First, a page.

Evening again

And so again, here I am.  Gazing across the valley, shades of grey overhead inviting me up into the bulging bottom surfaces of clouds drifting slowly downwind. A steady sequence of thunder-rumbles sound from both a couple miles to the east and from the ever-present slope of the small ridge across the creek: the direct path and the echo just a split second apart as the sound spreads across the land, the rolling, tumbling echo revealing in its extended rhythms the shape of the land it touches along the way.

I am waiting.  Watching.  Listening.  Bearing witness to the Here and to the Now.  And hoping — yes, against my inner Buddhist aspirations — hoping for a downpour, for the relief of rain, for the exuberance of immersion.  For each shock of lightning-flash, every tumbling extended thunder-roll, all that wind-driven water angling from cloud above to earth below. 

Yet, wait I must.  Watch, I do.  Listen: to the eternal story, the original language.  Finches cheep, doves flutter, grosbeaks, jays, titmouse, chickadee all clamor for a snack before the storm.  Winds slip through piñons thirty feet in front of me, and in deeper surges, across the hill a hundred yards to my right.  A plane passes through, and the sky stills as if giving it space.  

The storm now seems to pull into itself, the thunder more sparse and retreating further upwind, this leading edge quieting, even as the hiss of sprinkling rain begins to call from the leaves ringing the yard.  And just as gently fades away, bird chirps and an early cricket returning to the fore.

Overhead, black specks sweep across the patchy shades of grey: swifts (swallows?) by the dozens grazing the evening sky, revealing by their actions the unseen lattice of insects that fill the air.  A nuthatch tick-tick-ticks on the dead hulk of the old plum tree, storing a seed for later.  A hummer swings by to say hello, pauses in place three feet away, then casually lands on a nearby currant branch.  Eighteen birds burst from feeders and into the surrounding trees, three dozen wings raising a quick flickering tremor, while a half dozen others look around from the feeders: the foolishly slow or the wisely unflustered.

With diminishing rumbles from above, the sky brightens and my hopes fade, and the evening vigil once again settles into one of the simple life of the valley, no thrilling stormy climax seeming likely.  Yet who am I to complain, as soft sun seeps across the yard, trees shining brilliant green against darkening clouds slipping eastward and away to drop their bounty on the thirsty plains?  This is the place where I’m welcomed into presence each and every day.  And on most days – for a minute, or ten, or sixty (today already more than that, though I would never guess) – this yard, this valley, this earth/sky, this landscape of soil and soul, lures me into these expanded moments of simply being present, witnessing.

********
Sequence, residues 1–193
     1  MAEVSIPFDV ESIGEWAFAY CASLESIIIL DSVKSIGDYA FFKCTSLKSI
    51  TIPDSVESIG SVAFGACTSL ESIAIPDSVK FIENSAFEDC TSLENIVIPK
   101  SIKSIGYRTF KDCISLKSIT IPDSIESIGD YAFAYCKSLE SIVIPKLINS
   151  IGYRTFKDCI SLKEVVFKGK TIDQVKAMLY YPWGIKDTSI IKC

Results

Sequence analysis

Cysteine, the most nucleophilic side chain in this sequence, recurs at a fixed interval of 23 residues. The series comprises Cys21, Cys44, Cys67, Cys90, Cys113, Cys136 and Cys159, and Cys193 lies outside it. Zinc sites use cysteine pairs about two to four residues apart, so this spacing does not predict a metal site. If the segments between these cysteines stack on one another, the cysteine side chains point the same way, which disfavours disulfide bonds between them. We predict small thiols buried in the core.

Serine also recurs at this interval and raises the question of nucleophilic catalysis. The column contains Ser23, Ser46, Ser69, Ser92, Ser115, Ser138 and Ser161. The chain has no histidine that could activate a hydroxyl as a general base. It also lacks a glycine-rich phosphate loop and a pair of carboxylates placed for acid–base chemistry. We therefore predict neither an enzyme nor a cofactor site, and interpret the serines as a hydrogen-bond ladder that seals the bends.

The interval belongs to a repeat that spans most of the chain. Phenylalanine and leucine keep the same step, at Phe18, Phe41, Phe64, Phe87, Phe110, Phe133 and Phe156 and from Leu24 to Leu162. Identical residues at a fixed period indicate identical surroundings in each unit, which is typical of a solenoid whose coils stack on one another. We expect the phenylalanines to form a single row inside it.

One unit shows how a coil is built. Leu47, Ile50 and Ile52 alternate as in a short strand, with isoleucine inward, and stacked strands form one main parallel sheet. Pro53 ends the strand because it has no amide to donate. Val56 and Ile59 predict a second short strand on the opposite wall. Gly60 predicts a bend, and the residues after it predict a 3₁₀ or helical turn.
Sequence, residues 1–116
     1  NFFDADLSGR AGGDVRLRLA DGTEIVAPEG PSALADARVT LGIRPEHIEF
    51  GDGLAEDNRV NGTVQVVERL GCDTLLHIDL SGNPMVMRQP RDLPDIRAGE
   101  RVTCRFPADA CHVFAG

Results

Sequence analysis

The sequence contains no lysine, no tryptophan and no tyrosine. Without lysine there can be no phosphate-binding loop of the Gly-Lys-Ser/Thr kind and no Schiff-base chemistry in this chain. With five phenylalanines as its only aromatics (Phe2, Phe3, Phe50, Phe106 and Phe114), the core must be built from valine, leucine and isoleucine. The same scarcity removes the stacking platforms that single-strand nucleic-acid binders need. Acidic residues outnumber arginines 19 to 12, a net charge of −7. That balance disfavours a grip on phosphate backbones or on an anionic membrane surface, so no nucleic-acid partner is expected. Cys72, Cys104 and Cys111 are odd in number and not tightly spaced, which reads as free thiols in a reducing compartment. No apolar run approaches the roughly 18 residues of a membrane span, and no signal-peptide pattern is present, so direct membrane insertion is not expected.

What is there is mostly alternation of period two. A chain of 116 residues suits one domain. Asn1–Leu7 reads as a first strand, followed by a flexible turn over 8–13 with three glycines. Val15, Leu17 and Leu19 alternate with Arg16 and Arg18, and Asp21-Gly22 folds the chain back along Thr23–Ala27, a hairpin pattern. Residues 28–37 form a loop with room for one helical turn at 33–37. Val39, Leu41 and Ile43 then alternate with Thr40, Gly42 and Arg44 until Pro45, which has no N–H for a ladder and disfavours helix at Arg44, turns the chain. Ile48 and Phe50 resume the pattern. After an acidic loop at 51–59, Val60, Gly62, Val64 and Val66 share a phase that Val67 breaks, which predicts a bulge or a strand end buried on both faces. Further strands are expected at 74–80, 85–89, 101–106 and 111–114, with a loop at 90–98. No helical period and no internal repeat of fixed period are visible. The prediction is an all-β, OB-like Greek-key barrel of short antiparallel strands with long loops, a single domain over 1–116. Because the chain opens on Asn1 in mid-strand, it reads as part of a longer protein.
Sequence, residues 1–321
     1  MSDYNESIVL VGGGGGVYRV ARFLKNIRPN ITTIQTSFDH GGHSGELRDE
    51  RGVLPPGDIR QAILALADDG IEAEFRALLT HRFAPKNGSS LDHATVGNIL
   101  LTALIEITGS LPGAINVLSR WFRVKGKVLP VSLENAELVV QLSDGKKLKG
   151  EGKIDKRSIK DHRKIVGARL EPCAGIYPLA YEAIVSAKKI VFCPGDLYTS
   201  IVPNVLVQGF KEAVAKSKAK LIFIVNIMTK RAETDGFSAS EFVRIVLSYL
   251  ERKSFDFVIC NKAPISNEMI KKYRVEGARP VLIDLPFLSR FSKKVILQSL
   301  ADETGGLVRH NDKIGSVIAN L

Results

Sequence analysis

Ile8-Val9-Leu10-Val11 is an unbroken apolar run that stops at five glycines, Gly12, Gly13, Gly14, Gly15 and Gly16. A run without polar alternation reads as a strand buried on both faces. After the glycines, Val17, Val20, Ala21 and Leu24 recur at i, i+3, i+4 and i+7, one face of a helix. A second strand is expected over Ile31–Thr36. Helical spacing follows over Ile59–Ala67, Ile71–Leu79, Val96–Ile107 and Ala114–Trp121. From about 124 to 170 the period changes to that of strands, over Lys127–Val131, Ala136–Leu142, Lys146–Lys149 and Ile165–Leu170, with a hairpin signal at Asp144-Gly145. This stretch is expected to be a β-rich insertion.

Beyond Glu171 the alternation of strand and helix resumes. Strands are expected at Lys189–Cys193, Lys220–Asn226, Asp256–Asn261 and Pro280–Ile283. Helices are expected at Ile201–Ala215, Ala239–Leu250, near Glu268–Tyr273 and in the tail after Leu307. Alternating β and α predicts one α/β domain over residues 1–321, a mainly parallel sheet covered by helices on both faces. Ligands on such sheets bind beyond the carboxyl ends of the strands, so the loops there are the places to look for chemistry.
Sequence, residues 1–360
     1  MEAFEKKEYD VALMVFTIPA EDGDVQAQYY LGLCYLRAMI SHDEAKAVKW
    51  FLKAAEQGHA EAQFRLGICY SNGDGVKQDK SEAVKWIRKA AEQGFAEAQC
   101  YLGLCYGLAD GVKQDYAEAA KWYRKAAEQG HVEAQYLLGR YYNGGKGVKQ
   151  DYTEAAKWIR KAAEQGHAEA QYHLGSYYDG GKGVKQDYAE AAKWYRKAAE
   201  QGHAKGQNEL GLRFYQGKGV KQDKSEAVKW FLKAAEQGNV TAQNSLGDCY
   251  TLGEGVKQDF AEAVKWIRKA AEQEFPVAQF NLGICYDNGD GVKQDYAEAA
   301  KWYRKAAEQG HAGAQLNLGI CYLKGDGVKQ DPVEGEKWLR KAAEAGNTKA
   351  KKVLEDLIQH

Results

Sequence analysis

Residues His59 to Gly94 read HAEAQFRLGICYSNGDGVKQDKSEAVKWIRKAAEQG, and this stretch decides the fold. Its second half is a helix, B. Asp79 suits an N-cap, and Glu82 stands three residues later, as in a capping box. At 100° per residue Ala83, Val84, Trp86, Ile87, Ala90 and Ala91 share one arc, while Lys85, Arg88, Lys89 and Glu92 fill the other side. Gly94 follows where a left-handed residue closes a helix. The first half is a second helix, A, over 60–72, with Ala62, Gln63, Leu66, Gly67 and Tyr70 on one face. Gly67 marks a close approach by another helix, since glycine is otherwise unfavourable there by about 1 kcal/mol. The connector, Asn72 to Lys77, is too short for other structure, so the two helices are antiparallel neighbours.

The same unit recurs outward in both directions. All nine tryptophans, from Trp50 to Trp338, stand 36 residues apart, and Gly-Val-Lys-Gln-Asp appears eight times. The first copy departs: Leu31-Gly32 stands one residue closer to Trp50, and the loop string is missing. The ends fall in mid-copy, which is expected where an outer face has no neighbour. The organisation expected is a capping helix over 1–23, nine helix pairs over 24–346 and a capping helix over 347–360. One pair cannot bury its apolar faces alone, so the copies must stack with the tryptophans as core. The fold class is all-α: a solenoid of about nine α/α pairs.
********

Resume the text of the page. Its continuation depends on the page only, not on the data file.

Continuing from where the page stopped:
And then – a sort of teasing poke at my unfulfilled hopes for a torrent – here comes today’s quieter choice of climax, courtesy of the valley’s top-notch special effects team: a sudden arching rainbow, stretching from just beyond the far valley wall across the little nearby cottonwood bosque, and landing over Sally’s hill, right down there at the end of our half-mile road, I’d say.  Bands of color burning bright, inner purples and greens rippling in duplicate, and now the second, fainter bow glows above.  There, so close: rain and sun meet in air.

It draws me out from my porch couch, into the yard, down the driveway.  A gently dance of tiny droplets tenderly tousles my hair, softly brushes my face.  All is well.

About Jim

Night sky watcher; a mobile bit of earth's body. One foot lingering in Lower Cañoncito's piñon-juniper foothills at the southern tip of the Rockies, the edge of the Great Plains stretching away from the mouth of our little valley a couple miles downstream. The other foot re-rooting into the Land of the White Pines, home of my blood and bones, amidst the coastal plain and glacial hills and ponds of southern Maine, between the North Atlantic and the bones of the ancient Appalachian Mountains.

Posted on 2012/08/17, in Earth, Jimwords. Bookmark the permalink. Leave a comment.

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